Political action brings the community into immediate participation in the organized life of the larger society. Immigrants may participate as a recognizable block, with their own strength and power; or they may join with other groups. In any event they are engaged in the action proper to the larger society as a whole. They gain power for themselves, or for the political group of which they are a part, when they reach a point where those in political power can no longer afford to disregard them.

Two final points may be introduced here: the relationship of conflict to the community, and the role of the intellectuals. Conflict outside the community often serves to strengthen the community;[27] it has a boundary-maintaining function, unless it reaches an intensity at which it becomes destructive to the smaller community. Therefore, the study of conflict becomes an important means of determining the strength of the community; it also enables one to analyze the relationship of the community to the larger society. It is very likely that conflict which originated in a desire to contain the smaller community may become the most significant factor in giving the community the strength it needs to integrate rapidly.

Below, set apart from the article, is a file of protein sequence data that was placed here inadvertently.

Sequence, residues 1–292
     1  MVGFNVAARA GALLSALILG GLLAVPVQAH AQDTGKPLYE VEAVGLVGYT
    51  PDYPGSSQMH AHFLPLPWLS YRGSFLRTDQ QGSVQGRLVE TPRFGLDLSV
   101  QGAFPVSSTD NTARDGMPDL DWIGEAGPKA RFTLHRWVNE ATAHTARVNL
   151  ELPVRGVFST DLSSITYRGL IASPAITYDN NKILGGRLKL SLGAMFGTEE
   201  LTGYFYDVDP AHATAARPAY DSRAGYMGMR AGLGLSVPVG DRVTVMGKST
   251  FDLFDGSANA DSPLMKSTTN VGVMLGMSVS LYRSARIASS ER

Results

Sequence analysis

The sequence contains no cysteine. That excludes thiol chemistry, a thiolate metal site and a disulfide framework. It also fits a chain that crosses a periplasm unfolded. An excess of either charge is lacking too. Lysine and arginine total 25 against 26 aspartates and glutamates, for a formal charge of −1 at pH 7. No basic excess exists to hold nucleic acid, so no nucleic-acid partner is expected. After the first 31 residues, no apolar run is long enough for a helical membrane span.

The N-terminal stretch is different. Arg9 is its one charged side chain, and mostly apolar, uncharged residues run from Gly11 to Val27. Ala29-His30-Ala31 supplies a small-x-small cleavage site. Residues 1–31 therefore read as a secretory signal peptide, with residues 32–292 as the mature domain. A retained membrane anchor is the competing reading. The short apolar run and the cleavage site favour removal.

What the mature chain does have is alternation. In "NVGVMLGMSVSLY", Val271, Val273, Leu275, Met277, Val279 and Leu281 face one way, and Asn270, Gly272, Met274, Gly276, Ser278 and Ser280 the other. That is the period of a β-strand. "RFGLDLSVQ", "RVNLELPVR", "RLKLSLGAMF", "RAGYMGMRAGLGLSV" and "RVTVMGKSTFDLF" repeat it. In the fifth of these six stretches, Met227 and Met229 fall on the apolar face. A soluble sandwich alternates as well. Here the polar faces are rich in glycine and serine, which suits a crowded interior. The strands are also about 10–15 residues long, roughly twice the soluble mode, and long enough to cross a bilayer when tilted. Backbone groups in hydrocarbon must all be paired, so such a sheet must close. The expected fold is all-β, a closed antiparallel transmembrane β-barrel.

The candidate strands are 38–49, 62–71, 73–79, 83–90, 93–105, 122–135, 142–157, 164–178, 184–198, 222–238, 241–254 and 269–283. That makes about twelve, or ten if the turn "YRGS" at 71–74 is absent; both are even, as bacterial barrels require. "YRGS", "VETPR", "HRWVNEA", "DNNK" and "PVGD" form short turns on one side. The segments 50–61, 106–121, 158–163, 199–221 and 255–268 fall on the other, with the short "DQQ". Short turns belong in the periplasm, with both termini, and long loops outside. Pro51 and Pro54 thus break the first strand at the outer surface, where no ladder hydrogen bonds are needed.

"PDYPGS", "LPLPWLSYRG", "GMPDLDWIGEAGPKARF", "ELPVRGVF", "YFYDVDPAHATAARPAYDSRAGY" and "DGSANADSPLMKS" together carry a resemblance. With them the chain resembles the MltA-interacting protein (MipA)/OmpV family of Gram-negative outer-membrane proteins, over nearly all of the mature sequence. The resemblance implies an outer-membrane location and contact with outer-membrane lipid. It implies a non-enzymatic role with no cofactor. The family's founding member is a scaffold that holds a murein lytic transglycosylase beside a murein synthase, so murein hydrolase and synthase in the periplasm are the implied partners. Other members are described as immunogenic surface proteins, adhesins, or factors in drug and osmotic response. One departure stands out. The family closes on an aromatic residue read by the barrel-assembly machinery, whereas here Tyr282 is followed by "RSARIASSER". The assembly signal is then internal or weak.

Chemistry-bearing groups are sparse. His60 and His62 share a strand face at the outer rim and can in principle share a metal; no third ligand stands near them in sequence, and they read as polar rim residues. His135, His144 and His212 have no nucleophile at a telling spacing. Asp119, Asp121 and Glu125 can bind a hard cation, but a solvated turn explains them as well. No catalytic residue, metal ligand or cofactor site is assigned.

A second aspect of conflict is more difficult to cope with, namely, the presence of conflict within the community itself. The investigator must make a decision whether to define the community in terms of the common and harmonious possession of common values and attitudes, or whether to admit the presence of conflict within the community. If conflict is to be admitted in the community to be studied, the function of this conflict must be explored: does it tend to strengthen or weaken the community in question?

The second point refers to the elite or the intellectuals. Gordon presents the theory that the intellectuals constitute a community of their own.[28] They, more than any others, transcend the community of race or ethnic group and constitute a community of their own. marginal to that of their origins, and founded on the values, attitudes, and objectives they have as intellectuals. On the other hand, it has been the elite who traditionally have shown the capacity to build the bridge between their own community and that of the larger society. Therefore, the study of the elite must analyze the extent to which the elite have established a community relationship with intellectuals of their own kind in the larger society; and the extent to which the elite mediate the integration of their community of origin with the larger society.